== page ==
George Santos (or whatever his actual name is) survived an expulsion vote in Congress. It was a NY Republican initiative and - surprisingly - 24 GOPsters agreed to kick him out. But no less than 31 Democrats voted in his favor, so there was not even a simple majority for eviction, let alone a 2/3rd one. Well, the speaker was quite open recently that Santos's vote was far too valuable given the slim majority the GOP has to kick him out under any circumstances. And of course - but unsaid - it would set a precedent and many naturally fear that one day they could become a similar target.

Open thread, so: A friend of mine was out at a bar in Chattanooga last night, and related this tale:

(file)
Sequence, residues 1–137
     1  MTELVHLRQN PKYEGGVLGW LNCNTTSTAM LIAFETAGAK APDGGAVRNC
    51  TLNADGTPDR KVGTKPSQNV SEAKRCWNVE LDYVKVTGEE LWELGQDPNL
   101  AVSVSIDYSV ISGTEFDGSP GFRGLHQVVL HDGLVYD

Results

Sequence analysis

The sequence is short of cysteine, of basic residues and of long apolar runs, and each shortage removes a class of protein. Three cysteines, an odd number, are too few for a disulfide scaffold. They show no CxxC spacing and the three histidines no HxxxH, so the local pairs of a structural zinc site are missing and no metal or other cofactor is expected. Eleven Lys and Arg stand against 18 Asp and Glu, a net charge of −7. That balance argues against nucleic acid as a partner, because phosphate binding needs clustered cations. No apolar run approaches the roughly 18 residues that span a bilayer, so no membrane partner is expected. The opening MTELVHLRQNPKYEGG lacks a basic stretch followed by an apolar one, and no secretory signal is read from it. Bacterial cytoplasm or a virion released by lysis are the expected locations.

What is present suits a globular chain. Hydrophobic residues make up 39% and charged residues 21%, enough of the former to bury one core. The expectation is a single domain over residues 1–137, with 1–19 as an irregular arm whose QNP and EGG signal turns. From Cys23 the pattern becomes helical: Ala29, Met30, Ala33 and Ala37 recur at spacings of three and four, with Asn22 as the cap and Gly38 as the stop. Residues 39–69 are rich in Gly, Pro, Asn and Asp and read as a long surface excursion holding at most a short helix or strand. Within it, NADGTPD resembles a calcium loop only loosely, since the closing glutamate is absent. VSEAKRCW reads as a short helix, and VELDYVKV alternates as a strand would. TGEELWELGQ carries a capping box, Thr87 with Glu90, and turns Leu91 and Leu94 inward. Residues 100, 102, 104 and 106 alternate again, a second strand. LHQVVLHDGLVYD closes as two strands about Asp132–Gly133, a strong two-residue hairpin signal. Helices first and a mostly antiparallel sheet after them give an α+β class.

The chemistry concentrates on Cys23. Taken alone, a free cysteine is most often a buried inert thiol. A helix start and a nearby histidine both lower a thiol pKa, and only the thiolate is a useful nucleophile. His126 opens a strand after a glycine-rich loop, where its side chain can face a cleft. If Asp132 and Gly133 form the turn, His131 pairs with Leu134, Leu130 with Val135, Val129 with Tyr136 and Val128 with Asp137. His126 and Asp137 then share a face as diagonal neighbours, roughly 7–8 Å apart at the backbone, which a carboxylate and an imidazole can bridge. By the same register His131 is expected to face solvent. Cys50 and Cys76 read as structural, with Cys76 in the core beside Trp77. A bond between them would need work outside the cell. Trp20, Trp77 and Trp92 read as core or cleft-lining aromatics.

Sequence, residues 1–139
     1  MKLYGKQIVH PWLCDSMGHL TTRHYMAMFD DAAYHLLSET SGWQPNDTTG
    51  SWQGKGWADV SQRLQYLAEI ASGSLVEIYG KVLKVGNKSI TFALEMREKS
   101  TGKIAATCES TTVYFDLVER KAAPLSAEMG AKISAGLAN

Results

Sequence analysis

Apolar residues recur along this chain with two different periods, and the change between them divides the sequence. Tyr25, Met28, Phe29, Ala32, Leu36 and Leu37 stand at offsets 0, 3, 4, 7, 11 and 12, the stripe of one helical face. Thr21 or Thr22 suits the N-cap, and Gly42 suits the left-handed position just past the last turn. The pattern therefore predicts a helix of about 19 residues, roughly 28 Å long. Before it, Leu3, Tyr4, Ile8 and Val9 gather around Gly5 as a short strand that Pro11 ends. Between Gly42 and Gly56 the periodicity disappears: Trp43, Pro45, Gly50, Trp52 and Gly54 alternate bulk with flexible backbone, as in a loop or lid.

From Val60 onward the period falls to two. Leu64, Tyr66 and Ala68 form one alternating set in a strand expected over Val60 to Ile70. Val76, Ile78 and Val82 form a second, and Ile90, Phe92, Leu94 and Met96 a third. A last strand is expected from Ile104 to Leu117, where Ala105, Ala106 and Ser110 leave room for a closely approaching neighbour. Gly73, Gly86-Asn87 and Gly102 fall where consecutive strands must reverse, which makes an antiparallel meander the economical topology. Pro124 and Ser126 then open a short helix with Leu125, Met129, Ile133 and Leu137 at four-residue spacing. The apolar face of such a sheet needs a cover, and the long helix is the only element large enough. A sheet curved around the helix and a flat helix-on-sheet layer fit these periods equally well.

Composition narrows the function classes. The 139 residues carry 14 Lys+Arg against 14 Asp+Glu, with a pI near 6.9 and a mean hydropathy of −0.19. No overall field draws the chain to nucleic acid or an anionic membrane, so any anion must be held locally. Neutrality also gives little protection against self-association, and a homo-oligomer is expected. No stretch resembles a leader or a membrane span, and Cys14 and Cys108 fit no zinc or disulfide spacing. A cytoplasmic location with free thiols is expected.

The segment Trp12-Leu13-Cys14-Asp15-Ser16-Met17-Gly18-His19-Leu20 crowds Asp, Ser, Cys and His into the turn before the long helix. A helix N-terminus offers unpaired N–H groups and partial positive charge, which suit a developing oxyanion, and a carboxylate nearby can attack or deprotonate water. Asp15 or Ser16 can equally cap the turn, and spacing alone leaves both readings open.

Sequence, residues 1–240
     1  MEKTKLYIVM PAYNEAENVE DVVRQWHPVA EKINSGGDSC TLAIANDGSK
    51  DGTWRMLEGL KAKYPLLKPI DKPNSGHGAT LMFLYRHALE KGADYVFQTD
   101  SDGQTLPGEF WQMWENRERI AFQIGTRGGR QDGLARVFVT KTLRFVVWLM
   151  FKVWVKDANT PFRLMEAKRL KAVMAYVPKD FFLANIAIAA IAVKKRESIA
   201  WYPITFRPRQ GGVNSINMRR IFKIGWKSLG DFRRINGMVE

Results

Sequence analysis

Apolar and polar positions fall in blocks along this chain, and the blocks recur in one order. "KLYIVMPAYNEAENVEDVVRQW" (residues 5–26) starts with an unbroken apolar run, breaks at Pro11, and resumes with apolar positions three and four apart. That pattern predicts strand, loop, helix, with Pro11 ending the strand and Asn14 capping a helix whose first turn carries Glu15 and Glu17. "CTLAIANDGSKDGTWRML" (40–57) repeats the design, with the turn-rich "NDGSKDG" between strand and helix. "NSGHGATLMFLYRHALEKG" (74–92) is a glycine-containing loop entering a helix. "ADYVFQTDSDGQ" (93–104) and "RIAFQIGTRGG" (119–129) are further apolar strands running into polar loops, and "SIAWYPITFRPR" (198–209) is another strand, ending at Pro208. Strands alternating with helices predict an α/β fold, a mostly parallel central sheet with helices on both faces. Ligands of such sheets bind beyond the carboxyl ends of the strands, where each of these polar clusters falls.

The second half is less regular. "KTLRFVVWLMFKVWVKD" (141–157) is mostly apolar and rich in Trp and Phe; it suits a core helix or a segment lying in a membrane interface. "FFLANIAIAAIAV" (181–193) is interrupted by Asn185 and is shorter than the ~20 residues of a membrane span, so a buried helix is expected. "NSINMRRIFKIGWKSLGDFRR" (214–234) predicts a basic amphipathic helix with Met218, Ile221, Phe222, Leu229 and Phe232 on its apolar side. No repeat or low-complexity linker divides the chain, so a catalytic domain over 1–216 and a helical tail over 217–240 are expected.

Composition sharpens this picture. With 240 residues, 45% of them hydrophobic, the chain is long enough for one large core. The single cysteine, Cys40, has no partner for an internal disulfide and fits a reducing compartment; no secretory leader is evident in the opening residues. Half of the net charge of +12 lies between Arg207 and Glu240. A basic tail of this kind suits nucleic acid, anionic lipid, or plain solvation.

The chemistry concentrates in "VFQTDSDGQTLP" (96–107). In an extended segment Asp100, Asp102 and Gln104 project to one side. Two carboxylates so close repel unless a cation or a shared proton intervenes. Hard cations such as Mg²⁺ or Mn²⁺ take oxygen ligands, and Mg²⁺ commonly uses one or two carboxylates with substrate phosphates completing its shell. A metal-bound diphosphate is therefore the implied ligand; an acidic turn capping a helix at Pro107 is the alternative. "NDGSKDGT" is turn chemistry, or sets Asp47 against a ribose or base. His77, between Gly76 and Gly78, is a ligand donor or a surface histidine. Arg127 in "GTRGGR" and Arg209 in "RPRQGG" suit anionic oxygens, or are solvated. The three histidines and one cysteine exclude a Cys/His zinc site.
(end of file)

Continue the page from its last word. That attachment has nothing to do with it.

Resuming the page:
I was sitting at the bar last night and this couple was sitting next to me. The bar had a participation game going on. Like trivia, but it was family feud type questions. Anyway, the couple was playing and the started asking my opinions on things. They were nice. It was low key fun. Having just finished the welding course, I told the guy about it. Turned out he knew a lot about welding so he was interested and we talked. He said something about having lived all over Florida. Ok cool. I told him I grew up down there. All vaguely enjoyable small talk. Then he suddenly says “hey! If you like welding then the next step is guns”. I’m thinking welding guns (TIG gun, Spool gun, etc). No. Guns. “When I shoot an AR15 until my thumbs fall off, I don’t need therapy anymore.“ then in the very next sentence he says something about how nice Florida is. I say “well. It’s actually pretty messed up these days.” To which he says “yup. It’s all the damn liberals down there. They ruined the place. I love Desantis. He’s trying to fix things. And doing a good job of it. But the liberals are screwing it all up. That’s why I moved up here. Tennessee has some small fraction of that shit, but for the most part you can be free. And I lived in Georgia for a while, but it is imploding.”